Break Your Fall, Not Your Bones!

As the weather grows colder, snow and ice threaten us all with plenty of opportunities for slips and falls! Whether or not we exercise outdoors regularly, we are all at risk for injuries commonly caused by falls during winter like broken or fractured bones, sprains and concussions. Falls are the second most common cause of accidental injury in the world, and snow and ice certainly don’t help us to avoid this!However, while these falls may not always be avoidable, there are ways we can help ourselves to prevent severe injury. Did you know that there are both correct and incorrect ways to break a fall? These tips will help you avoid and prevent pain the next time you find yourself taking a tumble!

I know what you might be thinking—ridiculous!How am I going to “think” about how to fall when it happens so quickly and without conscious thought? But believe it or not, reading this could help. Many of my patients who have fallen and avoided getting hurt stated that they actually “thought” about how they were going to fall. Our brain will store random information, even though we may think we won’t remember it.When the time comes and that information is needed, your wonderful brain can trigger that memory that was deeply embedded somewhere. So, you don’t have to thank me now, but just maybe one day you might!

First, as you are falling, pay attention to the direction of the fall: forward, to either side or backward. When falling forward, many of us automatically throw our hands out towards the ground, especially to protect our faces. It is important to put your palms out to help absorb the impact of the fall, but make sure that your elbows are not locked. Make sure your entire palms touch the ground briefly before the rest of your body falls. This will reduce the likelihood of breaking either your elbows or wrists. Your palms and wrists are used in this case to slow the fall and cannot absorb the entire shock, so it is important to still let the rest of your body reach the ground as gently as possible. If you are falling to your left or right side, use only the palm of that hand. Always avoid using the backs of the hands to break a fall–this is actually more likely to cause the wrist to break. It is important in all cases to pay attention to the positioning of your head. If you are falling backwards, make sure to tuck your chin down into your chest so that it doesn’t hit the ground. An alternative to this is placing one hand on the back of your head to cushion the blow. When falling forward, turn your head to either side to prevent facial injuries, particularly a broken nose, but only slightly. If you turn your head completely, you put yourself at a higher risk of your neck receiving too much of the shock of the fall.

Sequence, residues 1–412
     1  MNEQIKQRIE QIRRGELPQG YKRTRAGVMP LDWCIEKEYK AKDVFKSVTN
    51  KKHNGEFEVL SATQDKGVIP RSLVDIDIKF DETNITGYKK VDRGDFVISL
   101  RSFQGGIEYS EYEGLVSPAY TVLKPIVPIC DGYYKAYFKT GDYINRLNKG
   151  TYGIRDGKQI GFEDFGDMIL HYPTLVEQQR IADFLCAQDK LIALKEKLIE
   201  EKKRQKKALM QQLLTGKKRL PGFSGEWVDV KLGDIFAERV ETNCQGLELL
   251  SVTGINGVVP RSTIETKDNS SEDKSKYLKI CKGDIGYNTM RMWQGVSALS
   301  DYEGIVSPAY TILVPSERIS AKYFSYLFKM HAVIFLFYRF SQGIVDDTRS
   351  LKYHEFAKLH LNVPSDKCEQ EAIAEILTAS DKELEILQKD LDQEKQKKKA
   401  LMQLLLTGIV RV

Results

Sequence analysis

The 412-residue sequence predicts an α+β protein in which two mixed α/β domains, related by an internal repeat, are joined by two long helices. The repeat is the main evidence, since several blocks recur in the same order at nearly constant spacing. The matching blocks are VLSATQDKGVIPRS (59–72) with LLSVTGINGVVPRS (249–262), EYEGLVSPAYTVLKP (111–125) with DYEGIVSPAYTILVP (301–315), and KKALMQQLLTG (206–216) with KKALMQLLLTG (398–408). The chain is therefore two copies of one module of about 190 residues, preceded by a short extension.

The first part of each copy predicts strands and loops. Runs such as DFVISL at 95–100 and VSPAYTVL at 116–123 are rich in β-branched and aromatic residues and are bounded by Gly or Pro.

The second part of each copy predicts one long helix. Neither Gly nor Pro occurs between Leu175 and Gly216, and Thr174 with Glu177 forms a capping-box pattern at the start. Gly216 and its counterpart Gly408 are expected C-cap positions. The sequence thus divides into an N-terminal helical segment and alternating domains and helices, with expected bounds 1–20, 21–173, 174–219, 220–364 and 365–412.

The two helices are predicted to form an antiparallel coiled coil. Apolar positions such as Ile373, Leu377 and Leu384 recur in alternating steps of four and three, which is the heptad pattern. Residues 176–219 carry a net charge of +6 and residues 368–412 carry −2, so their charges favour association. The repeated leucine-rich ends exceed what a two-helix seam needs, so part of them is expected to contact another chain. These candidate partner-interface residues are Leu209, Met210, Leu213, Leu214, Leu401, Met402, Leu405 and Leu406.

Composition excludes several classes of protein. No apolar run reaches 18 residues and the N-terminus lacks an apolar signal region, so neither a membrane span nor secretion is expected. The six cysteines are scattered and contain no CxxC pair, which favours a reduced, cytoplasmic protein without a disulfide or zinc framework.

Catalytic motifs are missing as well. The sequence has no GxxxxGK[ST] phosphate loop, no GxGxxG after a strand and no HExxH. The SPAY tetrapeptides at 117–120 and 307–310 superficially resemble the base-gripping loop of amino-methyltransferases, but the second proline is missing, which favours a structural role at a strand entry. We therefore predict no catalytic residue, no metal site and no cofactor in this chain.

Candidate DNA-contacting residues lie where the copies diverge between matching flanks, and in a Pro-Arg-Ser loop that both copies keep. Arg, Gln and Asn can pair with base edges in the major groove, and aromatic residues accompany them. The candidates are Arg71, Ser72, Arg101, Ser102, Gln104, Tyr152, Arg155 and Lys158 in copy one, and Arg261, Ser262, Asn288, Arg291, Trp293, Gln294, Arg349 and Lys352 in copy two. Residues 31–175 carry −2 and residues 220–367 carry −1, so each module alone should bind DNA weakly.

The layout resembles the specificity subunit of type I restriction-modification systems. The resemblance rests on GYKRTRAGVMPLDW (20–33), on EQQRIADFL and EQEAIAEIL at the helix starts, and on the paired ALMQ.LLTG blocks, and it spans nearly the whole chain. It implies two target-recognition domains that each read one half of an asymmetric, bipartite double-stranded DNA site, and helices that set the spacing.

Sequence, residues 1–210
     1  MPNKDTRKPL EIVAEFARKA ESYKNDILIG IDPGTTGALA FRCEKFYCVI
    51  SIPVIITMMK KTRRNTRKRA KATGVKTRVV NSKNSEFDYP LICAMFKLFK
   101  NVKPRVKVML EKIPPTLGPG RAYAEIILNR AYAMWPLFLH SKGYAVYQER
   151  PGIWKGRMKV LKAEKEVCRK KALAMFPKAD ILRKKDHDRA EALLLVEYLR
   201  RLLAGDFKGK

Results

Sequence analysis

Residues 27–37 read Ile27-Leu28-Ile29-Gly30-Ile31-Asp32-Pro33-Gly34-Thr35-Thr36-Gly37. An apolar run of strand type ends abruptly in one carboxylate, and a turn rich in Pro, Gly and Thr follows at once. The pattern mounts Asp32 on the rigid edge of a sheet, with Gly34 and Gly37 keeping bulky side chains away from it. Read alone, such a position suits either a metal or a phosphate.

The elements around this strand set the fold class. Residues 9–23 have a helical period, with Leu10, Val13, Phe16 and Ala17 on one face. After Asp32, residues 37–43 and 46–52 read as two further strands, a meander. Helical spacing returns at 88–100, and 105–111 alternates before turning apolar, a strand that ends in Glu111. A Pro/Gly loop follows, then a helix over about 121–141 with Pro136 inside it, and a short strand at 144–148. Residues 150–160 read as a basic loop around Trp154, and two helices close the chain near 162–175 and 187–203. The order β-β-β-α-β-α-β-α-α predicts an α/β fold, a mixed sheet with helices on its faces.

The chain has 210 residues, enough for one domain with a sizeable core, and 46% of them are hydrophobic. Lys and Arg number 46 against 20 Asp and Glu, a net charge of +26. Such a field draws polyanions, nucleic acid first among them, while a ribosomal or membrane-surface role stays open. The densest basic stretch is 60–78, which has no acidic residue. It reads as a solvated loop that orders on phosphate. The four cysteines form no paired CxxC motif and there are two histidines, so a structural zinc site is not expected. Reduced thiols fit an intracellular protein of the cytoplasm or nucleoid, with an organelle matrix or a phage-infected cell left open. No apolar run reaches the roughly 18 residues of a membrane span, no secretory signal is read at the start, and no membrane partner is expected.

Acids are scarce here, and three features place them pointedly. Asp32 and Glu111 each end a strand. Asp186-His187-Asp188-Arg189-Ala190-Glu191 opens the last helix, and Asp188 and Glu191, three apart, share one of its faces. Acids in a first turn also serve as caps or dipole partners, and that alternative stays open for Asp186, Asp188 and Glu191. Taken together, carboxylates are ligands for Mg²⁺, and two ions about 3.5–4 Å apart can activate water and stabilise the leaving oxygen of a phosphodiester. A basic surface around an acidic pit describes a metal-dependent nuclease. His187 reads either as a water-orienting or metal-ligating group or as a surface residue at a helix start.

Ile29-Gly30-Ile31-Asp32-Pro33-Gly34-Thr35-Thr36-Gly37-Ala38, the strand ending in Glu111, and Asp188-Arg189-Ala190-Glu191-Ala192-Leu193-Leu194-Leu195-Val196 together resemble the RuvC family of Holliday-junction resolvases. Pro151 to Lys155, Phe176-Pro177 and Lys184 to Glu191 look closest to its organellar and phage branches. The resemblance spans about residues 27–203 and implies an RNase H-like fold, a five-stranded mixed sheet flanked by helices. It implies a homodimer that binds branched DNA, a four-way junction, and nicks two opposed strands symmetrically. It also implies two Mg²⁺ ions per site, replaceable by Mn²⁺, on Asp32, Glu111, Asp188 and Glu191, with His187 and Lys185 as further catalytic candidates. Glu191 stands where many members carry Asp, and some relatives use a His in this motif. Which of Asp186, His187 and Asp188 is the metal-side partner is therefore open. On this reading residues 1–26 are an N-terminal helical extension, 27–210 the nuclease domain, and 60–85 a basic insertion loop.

Just like we instruct during many types of treatment and exercise, remember to breathe! While falling, our instincts usually tell us to tense up and brace for impact, and this causes us to breathe shallowly. However, contrary to popular belief, a tense body is more prone to injury than a body that is more loose and relaxed. To avoid having the wind knocked out of you, make sure to exhale fully before reaching the ground. While we all experience falls sometimes, there are some ways therapists at Rebalance can help, especially during a season that puts those more prone to falls at a higher risk! If you fall frequently, you may have musculoskeletal imbalances or postural issues that a physical therapist can help to evaluate and correct. Frequent falls during running and other exercise can often be attributed to improperly fitting shoes, loose ligaments, poor balance or other proprioceptive issues. Rebalance therapists can help assess your body to see why this is happening. It is very important to select proper footwear for running and walking in winter weather. No single shoe sole material is perfect under all conditions, however, footwear with rubber or neoprene composite soles provide better traction on ice and snow than leather or plastic. If things like your age, profession or health conditions are factors in your frequent falls, a Rebalance therapist can suggest appropriate lifestyle changes for you so that you can learn to break your falls correctly and not your bones!

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